For every doctor who practices regenerative medicine responsibly there is another who goes too far in promoting things like PRP therapy as ‘magic’ cures for whatever ails you. The truth is that regenerative medicine is not magic. Stem cell injections and PRP therapy are not magic. They are medicine.
The distinction between medicine and magic should be self-evident. And yet, there are those who give regenerative medicine a bad name by insisting that those therapies currently on the market are a cure-all. They do further disservice by implying that PRP and stem cell injections work for everyone who use them. That is also not true.
Different Patients Respond Differently
While regenerative medicine has proved beneficial for large numbers of patients, these treatments do not work for everyone. Why? Because of the fundamental fact that different patients respond differently.
According to the Advanced Regenerative Medicine Institute, one patient may respond very well to PRP injections for osteoarthritis while another one is no better off after being treated. One patient may be pain free after three injections while another still experiences significant pain.
For the record, this reality is not confined to regenerative medicine. It exists across the entire spectrum of modern medicine. Just ask any patient who has undergone cancer treatment. Ask any patient currently being treated for diabetes. Ask anyone who has received the flu vaccine how it worked out.
There is no medical device or treatment protocol that works 100% of the time for 100% of the patients. So to portray regenerative medicine as a foolproof cure-all is to defy both logic and nature. And for the record, similar claims from the opposite side of the spectrum are no more valid.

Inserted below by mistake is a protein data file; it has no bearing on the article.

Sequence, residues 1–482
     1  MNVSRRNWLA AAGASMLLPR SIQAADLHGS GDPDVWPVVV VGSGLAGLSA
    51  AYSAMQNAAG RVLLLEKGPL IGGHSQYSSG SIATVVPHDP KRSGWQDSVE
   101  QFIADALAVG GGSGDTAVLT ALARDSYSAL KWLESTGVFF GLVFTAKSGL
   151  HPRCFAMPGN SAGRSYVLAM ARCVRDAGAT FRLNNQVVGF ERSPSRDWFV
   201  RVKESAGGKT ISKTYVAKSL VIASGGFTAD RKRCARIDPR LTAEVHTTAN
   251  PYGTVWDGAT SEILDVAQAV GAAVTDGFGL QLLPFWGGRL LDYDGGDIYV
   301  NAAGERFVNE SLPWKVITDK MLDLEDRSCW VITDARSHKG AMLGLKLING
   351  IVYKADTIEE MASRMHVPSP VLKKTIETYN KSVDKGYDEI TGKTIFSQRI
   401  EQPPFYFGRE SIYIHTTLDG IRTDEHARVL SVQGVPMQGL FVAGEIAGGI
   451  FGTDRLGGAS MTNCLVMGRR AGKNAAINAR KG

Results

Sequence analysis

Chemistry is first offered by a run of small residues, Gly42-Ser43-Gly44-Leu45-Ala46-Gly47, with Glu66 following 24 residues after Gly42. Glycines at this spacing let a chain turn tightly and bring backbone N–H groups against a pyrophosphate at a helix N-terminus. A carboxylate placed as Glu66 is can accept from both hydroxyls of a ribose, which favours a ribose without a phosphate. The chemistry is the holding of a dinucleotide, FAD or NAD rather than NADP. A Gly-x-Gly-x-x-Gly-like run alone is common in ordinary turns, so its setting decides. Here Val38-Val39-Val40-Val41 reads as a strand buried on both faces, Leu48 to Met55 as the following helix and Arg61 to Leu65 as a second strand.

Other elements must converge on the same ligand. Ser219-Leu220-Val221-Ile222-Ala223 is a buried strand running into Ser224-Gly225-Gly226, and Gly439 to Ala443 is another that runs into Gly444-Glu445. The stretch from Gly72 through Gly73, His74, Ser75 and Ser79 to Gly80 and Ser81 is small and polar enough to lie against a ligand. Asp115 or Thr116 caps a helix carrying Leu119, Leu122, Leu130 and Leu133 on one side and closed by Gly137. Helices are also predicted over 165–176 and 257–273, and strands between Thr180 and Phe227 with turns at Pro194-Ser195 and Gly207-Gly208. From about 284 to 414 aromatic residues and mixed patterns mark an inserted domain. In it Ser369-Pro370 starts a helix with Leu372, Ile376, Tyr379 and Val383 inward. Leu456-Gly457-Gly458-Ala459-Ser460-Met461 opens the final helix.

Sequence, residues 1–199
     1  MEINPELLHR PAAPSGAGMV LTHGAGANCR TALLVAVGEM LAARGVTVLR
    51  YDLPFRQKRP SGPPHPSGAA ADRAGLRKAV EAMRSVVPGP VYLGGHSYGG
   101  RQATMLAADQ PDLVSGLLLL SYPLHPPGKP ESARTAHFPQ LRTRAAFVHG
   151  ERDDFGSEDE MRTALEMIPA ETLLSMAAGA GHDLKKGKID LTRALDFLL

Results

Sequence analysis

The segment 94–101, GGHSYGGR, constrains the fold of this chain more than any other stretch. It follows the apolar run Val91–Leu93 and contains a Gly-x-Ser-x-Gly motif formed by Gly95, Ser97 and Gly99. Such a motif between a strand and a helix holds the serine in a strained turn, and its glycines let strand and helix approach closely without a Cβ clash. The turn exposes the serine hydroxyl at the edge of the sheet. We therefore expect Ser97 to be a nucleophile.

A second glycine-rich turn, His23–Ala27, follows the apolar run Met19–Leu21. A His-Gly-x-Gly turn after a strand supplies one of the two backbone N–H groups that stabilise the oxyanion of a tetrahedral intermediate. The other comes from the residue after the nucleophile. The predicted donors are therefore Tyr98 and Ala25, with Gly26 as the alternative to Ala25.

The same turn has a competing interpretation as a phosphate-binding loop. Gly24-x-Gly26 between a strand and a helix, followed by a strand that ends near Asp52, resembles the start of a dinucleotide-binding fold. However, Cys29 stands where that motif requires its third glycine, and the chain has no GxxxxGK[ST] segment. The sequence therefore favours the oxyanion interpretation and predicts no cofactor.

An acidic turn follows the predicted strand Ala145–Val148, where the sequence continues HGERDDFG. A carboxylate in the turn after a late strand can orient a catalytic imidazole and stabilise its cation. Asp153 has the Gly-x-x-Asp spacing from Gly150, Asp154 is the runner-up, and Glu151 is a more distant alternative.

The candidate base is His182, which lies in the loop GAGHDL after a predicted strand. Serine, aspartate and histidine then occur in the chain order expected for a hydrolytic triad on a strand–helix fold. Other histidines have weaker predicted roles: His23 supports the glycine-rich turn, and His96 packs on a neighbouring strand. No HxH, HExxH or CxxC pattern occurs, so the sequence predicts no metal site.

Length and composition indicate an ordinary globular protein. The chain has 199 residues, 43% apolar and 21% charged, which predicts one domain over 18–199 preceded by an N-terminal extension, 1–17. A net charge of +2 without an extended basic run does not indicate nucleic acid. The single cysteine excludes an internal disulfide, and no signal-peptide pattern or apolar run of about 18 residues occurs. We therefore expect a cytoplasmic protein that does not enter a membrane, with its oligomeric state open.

The fact that some people do not respond well to PRP therapy is not a wholesale indictment of regenerative medicine. It is ludicrous for regenerative medicine critics to say there is nothing to it simply because some people do not respond well. If we were to follow the critics’ conclusions to their logical end, we would have to stop treating people with any illness or injury.
When PRP Works
The fact that PRP therapy does not work for everyone implies that it does work for some. And when it does, it tends to work very well. The secret to successful PRP therapy is patient screening followed by proper treatment.
Doctors screen their patients in an attempt to determine the best candidates for PRP injections. They sit and talk with patients about their particular condition, their pain level, how they have responded to other treatments in the past, what they hope to get out of PRP therapy, etc.
Good candidates for the therapy are then treated via an outpatient procedure involving a blood draw and a subsequent injection. Follow-up treatments are then applied as needed. They may include physical therapy, prescription medications, and additional injections.
When PRP works well, osteoarthritis patients experience less pain. Injured athletes heal faster, more completely, and with less pain. They get back into competition more quickly as well. When PRP works as intended, fewer prescription pain medications are needed and invasive surgery is often avoided.
A Proper Perspective
If we need anything in the regenerative medicine field these days, it is a proper perspective. PRP therapy and its regenerative medicine counterparts are not magic. They are medicine. They should be understood like any other form of medicine in that they will prove successful for some but not for all.
A proper perspective would weed out those doctors who sell regenerative medicine as magic. It would also temper patient expectations accordingly. Both would be refreshing change.